Devon health trust fined

A health body in Devon has been handed a six-figure penalty after publishing sensitive personal details of more than 1,000 NHS staff on the internet.

A health body in Devon has been handed a six-figure penalty after publishing sensitive personal details of more than 1,000 NHS staff on the internet.

Employees with the Torbay Care Trust (TCT) found details of their sexual orientation and religious beliefs were published online, alongside their name, date of birth, pay scale and National Insurance number. It did not contain any patient or clinical data, the trust said. TCT was handed a £175,000 penalty following the investigation by the Information Commissioner's Office (ICO), which described the data breach as ``serious'' and ``extremely troubling''. 

The ICO said the trust published the information in a spreadsheet on its website in April 2011, and only spotted the mistake when it was reported by a member of the public 19 weeks later. It was estimated that the spreadsheet was viewed 300 times during that period, although investigators were unable to identify all of those who accessed the information. 

The ICO's investigation found that the trust had no guidance for staff on what information should not be published online and had inadequate checks in place to identify potential problems. Stephen Eckersley, ICO head of enforcement, said: ``The fact that this breach was caused by Torbay Care Trust publishing sensitive information about their staff is extremely troubling and was entirely avoidable. Not only were they giving sensitive information out about their employees but they were also leaving them exposed to the threat of identity fraud. While organisations can publish equality and diversity information about staff in an aggregated form, there is no justification for unnecessarily releasing their personal information. We are pleased that the trust is now taking action to keep its employees' details secure.''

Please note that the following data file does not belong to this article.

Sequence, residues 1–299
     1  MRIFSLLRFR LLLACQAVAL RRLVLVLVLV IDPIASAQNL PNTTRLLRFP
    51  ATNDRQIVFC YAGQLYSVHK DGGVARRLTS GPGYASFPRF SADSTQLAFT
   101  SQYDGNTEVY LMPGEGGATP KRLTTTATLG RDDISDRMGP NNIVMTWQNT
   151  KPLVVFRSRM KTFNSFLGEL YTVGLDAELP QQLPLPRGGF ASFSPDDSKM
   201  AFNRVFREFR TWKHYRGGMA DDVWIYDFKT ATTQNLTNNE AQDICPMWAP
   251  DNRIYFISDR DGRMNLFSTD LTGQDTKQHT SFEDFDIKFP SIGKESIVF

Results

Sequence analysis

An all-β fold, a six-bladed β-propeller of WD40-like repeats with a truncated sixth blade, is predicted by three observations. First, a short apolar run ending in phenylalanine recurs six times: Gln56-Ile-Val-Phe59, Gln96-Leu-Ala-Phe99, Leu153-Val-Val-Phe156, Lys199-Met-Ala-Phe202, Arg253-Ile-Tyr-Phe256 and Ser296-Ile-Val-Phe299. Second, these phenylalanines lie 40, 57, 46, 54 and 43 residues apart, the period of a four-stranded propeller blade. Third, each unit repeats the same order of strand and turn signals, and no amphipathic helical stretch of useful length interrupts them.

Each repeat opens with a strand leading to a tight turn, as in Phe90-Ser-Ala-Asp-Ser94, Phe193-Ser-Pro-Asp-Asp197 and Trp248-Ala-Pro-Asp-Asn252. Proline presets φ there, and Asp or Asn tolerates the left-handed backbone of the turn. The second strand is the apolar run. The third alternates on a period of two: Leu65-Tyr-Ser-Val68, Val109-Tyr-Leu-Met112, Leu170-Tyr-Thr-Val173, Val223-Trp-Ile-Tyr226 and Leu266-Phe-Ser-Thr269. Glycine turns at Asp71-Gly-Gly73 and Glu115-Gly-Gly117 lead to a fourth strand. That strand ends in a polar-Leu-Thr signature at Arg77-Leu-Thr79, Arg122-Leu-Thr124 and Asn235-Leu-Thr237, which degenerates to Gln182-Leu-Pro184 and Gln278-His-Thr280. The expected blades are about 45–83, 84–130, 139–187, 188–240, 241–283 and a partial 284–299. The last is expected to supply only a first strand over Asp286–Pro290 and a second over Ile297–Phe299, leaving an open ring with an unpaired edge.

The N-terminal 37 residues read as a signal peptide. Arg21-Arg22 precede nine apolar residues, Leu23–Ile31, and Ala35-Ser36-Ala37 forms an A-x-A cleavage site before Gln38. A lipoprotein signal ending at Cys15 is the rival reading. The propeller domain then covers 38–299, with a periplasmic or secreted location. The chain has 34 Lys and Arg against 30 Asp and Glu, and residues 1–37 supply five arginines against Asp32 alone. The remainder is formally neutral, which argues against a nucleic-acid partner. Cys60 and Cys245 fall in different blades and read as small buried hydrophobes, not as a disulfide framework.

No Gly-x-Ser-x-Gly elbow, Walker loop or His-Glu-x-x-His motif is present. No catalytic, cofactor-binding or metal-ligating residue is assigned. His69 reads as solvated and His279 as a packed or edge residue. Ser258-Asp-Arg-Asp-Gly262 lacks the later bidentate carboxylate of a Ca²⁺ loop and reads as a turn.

The ICO said it had not received any complaints from NHS employees, adding that it was not aware of any previous data breaches at the trust, which has now introduced a new web management policy to make sure personal data is not mistakenly published on the internet. 

Apologising to staff, TCT chief executive Anthony Farnsworth said: ``This was an organisational issue, in which the absence of sufficient checks within our processes made an error possible, and we have treated this with the utmost seriousness. We have since implemented far more robust procedures for managing staff information to make this more secure, and to remove the risk of any such incidents occurring in the future.''

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